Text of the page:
- Yale Medicine Dermatology is pioneering new treatments for vitiligo and related autoimmune diseases such as alopecia areata and atopic dermatitis (eczema).
- Leading experts in dermatology, we are conducting research on the most difficult-to-treat skin disorders.
- We use the latest technology and research to treat patients with skin disorders—from the most common to the most rare.
If you’ve heard of fashion model Winnie Harlow, you may already be familiar with a skin condition that affects about 3 million people in the United States and about 70 million worldwide: vitiligo.
It happens when skin loses its pigment (coloring), causing white patches of skin that can sometimes cover the entire body. While Harlow has found stardom, that is not the reality for the vast majority of people with vitiligo.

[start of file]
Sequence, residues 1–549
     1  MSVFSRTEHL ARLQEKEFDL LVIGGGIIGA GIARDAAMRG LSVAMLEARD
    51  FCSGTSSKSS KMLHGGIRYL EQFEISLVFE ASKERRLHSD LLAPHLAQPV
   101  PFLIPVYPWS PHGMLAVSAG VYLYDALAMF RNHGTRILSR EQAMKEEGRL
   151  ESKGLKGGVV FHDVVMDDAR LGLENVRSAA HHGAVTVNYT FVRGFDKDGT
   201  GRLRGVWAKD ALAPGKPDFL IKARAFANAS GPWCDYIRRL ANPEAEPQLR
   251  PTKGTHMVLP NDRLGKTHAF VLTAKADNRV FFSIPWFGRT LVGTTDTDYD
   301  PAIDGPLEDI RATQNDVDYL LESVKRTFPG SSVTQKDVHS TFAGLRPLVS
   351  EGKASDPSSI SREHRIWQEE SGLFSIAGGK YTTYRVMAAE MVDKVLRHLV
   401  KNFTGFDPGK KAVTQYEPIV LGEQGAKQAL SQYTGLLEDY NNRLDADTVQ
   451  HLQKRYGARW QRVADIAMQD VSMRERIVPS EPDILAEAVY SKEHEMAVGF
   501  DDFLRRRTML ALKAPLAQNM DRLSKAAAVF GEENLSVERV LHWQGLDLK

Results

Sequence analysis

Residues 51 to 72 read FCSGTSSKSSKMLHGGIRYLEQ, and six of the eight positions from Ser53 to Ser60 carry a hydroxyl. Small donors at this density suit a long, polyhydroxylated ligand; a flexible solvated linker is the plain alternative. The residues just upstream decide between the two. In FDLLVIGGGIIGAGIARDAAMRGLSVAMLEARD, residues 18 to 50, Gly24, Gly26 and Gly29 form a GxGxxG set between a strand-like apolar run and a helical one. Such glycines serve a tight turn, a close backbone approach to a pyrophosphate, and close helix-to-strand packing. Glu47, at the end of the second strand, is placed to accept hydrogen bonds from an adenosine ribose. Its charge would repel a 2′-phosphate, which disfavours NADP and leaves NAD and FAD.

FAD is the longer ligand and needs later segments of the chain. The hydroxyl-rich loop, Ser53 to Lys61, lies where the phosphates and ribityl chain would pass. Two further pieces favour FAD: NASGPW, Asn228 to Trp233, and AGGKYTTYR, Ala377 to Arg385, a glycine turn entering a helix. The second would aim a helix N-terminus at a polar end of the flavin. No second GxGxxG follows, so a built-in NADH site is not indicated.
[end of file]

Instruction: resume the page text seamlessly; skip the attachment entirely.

“Many, if not most, people with vitiligo feel self-conscious,” says Brett King, MD, PhD, a Yale Medicine dermatologist and an associate professor of dermatology at Yale School of Medicine. “Feelings range from embarrassment to clinical depression.”
“When vitiligo is very noticeable, patients often report that people will avoid touching them, even in day-to-day transactions such as when shaking hands or exchanging money at a restaurant,” says Dr. King.
Although there is no cure for vitiligo, there may be hope. At Yale Medicine Dermatology, Dr. King is performing research on the use of a new class of medicines for the treatment of the disorder.